In the first exercise, we replace the right-to-carry dummy with a series of dummies for each of the possible numbers of years prior to—and following—adoption. We summarize the estimated coefficients in three figures. These figures show the estimated coefficients normalized on the year of adoption and multiplied by 100 (so the y-axis is a percentage), and the associated 95 percentage confidence intervals.13 The vertical line marks the adoption year, while the horizontal line marks 0.
Figure 6-2 shows the time pattern of coefficients from the violent crime model. For years preceding adoption, violent crime is increasing in ultimately adopting states (relative to the national time pattern). Following adoption, the increase relative to trend continues, reverses, then reverses twice again. For property crimes, in Figure 6-2, the upward trend for years prior to adoption continues following adoption.
Figure 6-3 and Figure 6-4 show graphs for individual violent and property crime categories, respectively. The obvious striking feature of these figures is that the big reductions in crime occur roughly 9 years after adoption. Otherwise, the postadoption estimates are generally small and sometimes positive and are, in general, both statistically insignificant and statistically indistinguishable from the preadoption estimates. The trend model essentially fits a line with constant slope through the postadoption portions of these graphs, and the line’s slope is affected by years long after adoption. These time patterns raise serious questions about whether the reductions in crime documented in the trend model are reasonably attributed to the change in the law.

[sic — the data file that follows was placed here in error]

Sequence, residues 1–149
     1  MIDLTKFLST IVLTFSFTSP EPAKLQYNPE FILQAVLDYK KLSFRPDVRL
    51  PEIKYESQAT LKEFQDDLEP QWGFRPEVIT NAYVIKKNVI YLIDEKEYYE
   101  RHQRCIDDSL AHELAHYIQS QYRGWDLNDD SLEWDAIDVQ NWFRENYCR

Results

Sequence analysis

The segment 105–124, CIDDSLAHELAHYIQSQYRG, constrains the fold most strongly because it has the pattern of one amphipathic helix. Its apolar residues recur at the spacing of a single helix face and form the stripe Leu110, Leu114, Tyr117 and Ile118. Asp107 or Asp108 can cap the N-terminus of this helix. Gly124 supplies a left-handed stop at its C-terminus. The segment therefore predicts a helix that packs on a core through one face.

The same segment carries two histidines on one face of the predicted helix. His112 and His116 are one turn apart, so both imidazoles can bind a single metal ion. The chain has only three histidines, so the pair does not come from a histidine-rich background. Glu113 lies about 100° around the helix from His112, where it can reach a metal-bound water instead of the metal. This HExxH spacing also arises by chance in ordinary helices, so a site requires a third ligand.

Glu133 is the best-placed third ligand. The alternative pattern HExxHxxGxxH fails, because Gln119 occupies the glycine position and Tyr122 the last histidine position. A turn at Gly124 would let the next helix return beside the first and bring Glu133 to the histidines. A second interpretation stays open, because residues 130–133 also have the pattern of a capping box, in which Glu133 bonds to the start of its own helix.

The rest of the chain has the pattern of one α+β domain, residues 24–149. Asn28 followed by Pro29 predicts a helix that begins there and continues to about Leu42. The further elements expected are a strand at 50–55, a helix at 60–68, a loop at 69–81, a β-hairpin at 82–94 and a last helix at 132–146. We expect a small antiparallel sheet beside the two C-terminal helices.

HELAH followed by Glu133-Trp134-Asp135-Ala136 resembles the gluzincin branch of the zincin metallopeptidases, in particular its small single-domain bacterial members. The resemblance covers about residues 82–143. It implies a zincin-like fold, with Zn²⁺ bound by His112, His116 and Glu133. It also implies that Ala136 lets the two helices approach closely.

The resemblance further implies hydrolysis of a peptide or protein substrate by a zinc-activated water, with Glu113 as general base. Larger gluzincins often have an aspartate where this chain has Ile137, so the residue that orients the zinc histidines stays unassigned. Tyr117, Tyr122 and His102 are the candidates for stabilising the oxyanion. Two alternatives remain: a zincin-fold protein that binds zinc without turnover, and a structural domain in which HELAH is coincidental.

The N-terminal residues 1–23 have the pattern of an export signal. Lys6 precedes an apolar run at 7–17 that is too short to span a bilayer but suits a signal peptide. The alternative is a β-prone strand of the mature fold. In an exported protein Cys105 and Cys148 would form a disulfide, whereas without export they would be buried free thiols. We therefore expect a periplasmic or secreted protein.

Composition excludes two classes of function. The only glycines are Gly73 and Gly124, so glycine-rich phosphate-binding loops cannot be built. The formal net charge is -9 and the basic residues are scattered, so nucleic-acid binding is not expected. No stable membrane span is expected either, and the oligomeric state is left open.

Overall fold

In the second exercise, to further explore the sensitivity of the trend model estimates, we reestimate the baseline trend model (Model 6.2) using revised new Lott data on the period 1977-2000. Table 6-7, row 1, repeats the estimates from Table 6-6, row 1 which includes all years for all states, regardless of the amount of time elapsed since the law change. Subsequent rows include observations that occur certain numbers of years after the law change. (Row 2, labeled “6 years,” includes the year of the law change and the 5 following years, and so on.) These estimates show that including 5 years or fewer reverses the signs of the estimated effects of right-to-carry laws on murder and property crime (from negative to positive) and reduces the magnitude of the estimated reduction in the rates of rape, aggravated assault, robbery, and violent crime. Moreover, there are fewer statistically significant changes in crime trends. One needs to include at least 6 years following the prelaw-change period to find statistically significant reductions in the violent crime and murder trends.
The trend results rely on changes in crime trends occurring long after the law changes, again raising serious questions about whether one can